Jarrod Lawson - At The BBC (2015)

Jarrod Lawson
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It seems that newcomer Jarrod Lawson has almost overnight become a star among soul music aficionados, instantly winning the SoulTracks 2014 Editor’s Choice Award for Album of the Year his first time out. A Pacific Northwestern blue-eyed soul star with a stunning range, smooth tone, a very fine piano technique, and more than a bit of church in his voice, Lawson’s material on his critically acclaimed self-titled debut album showcased a lyricist with an abiding concern for humanity and a strong relationship with his creator. The song selection for his new four-song EP, At the BBC, splits his time between two of his originals and two of his most frequented covers in his live show. While far more restrained than Jarrod Lawson, this sweet, short set of live performances makes an impression and is a lovely introduction of Lawson for those still unfamiliar with this rising talent. And it’s an introduction one would want to make.

It seems that newcomer Jarrod Lawson has almost overnight become a star among soul music aficionados, instantly winning the SoulTracks 2014 Editor’s Choice Award for Album of the Year his first time out. A Pacific Northwestern blue-eyed soul star with a stunning range, smooth tone, a very fine piano technique, and more than a bit of church in his voice, Lawson’s material on his critically acclaimed self-titled debut album showcased a lyricist with an abiding concern for humanity and a strong relationship with his creator. The song selection for his new four-song EP, At the BBC, splits his time between two of his originals and two of his most frequented covers in his live show. While far more restrained than Jarrod Lawson, this sweet, short set of live performances makes an impression and is a lovely introduction of Lawson for those still unfamiliar with this rising talent. And it’s an introduction one would want to make.

While one of the milder tracks of Lawson’s original set, the philosophical “Soul Symphony” does serve as the perfect opening for those unfamiliar with Lawson, expressing the kind of mature jazzy soul artist he is and the spirit lifting material that interests him lyrically. It’s an inspirational ballad, if world-weary in tone, that also works better live, given the enthusiasm Lawson demonstrates for the cut every time he performs it. The original version of “Everything I Need” is the personification of powerhouse vocal soul, with Lawson doing his best Donny Hathaway meets Frank McComb flat-footed belting and major runs throughout its initial presentation. It’s the kind of song that leaves listeners spent after hearing it. However, on the BBC version, Lawson holds back a bit to open up the gospel made secular blues that illustrates more of the cut’s inherent musicality. The piano and acoustic guitar interplay is given more breath and Lawson relaxes into his own composition, having less to prove than perhaps he had on his first outing. What the eight-minute and thirty-three second song now lacks in urgency, it makes up for in ease and a bit more intricacy. Lawson here is an artist comfortable in his musical skin.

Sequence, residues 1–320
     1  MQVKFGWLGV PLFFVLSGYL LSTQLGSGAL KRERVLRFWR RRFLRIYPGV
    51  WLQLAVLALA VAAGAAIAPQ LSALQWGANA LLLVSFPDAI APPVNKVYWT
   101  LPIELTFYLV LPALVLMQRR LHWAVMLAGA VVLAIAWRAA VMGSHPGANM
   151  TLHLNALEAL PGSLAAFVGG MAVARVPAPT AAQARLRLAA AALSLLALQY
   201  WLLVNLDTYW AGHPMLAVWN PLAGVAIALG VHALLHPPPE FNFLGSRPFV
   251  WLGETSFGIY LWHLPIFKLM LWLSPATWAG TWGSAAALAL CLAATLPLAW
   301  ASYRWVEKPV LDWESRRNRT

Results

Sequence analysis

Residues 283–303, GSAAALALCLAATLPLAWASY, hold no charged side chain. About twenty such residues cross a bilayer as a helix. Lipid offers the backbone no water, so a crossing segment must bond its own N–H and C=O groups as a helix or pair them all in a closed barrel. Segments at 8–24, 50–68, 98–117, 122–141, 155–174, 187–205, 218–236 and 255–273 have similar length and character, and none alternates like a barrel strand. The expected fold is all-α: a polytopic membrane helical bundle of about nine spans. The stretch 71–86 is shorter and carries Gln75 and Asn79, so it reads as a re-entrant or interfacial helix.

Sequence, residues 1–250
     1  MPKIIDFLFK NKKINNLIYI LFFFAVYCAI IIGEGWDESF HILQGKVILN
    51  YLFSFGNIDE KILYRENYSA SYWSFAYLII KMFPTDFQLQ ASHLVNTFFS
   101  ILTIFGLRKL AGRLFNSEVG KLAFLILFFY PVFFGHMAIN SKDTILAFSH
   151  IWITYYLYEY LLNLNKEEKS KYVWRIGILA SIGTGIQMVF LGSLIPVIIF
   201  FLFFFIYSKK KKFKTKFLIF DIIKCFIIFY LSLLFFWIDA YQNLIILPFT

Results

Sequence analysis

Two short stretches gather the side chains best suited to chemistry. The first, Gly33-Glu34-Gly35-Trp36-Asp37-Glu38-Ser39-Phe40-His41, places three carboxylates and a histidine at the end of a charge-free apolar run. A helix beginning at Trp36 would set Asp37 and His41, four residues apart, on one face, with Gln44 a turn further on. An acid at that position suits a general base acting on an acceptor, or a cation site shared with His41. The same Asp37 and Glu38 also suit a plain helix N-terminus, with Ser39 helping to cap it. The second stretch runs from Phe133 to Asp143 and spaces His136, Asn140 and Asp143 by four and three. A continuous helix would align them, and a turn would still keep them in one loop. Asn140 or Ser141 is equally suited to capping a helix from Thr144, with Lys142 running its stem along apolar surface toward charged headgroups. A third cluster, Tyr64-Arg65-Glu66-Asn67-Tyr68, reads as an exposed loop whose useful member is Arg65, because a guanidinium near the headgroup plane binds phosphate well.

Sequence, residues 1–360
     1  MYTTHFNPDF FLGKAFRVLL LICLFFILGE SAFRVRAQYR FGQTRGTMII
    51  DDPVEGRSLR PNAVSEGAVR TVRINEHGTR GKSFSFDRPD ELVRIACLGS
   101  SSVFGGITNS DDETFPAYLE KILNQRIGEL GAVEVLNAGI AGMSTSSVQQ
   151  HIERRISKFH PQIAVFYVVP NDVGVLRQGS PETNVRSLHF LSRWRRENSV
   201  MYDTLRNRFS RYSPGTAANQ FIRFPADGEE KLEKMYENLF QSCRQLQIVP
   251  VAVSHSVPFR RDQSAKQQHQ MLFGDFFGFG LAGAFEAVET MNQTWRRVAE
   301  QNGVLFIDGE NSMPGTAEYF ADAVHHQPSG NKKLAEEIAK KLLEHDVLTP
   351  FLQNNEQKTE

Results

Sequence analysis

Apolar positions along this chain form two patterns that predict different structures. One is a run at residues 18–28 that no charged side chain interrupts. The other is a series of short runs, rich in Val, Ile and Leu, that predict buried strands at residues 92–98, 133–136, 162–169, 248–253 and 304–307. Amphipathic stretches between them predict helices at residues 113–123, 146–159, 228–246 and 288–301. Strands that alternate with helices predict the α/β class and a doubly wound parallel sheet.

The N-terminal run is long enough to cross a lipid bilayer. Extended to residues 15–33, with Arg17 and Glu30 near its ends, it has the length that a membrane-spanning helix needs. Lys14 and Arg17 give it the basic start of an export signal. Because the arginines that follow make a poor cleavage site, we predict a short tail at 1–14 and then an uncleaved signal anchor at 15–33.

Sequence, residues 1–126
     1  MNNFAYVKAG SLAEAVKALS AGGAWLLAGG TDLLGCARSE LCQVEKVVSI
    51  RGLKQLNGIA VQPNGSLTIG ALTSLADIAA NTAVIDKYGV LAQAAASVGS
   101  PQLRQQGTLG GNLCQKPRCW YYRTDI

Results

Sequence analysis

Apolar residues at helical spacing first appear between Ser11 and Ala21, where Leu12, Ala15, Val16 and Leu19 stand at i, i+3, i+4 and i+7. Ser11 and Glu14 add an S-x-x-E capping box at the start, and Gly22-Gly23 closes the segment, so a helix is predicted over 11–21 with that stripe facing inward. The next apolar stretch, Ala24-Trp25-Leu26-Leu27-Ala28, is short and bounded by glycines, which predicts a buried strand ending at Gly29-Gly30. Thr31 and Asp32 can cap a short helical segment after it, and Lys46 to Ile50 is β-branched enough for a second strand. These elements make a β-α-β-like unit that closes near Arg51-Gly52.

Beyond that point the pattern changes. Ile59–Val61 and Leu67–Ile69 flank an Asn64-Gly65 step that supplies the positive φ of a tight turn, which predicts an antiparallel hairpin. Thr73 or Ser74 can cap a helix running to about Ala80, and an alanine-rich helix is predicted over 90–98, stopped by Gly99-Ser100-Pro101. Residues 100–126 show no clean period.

The standouts are the EP’s covers, Bilal’s “When Will You Call” and Anthony Hamilton’s “Point of it All.” While Lawson doesn’t lift these cuts from their ample originators, he does match them, no small feat when talking about musical geniuses like Bilal and Hamilton. In choosing more unsung cuts, Lawson is also giving new life to two under-appreciated musical gems that are worthy of more shine. These are some of the most effective ballads in the catalogs of both Hamilton and Bilal, and they both are well served by Lawson’s minimalist arrangements. The spare piano and trumpet places Hamilton’s perfectly melodic valentine lyrics front and center and Lawson trusts them to do the heavy lifting for him. They don’t fail him.

Bilal has perhaps never been given a more fitting homage than Lawson’s sultry lacing of the yearning “When Will You Call.” One of the critical songs from Bilal’s now classic debut album, First Born Second, “When Will You Call” is the kind of timeless song that deserves to be covered often, but is such a signature piece that most artists don’t dare, given how devastatingly emotional Bilal’s performance of it remains. Another eight-plus minute opus of trumpet and piano, Lawson makes the tear-stained ballad cooler and more resolute. He also makes it the jazz standard it should be. It’s a rendition that should be a permanent part of the Lawson repertoire, so fine is the job he does. Bilal must be proud.

In recording this live showcase, Lawson cracks open a door to a critique that was missed given the well-deserved love affair so many had with his flawless voice and stellar keyboard skills, myself included. Lawson needs original material with a stronger ear for melody. In covering songs whose melodies are so strong and unforgettable, Lawson’s own originals are revealed as being loose and well sung, but not as disciplined and melodically tight from a compositional perspective as his talent suggests. As a newcomer there is both time and room for both, and there’s little doubt Lawson will arrive with more infectious and memorable originals in the years to come. In the meantime, the young artist is now two for two in delivering the kind of jazzy soul that mature audiences have been longing for and can here appreciate on repeat again and again.  Recommended.

By L. Michael Gipson

 
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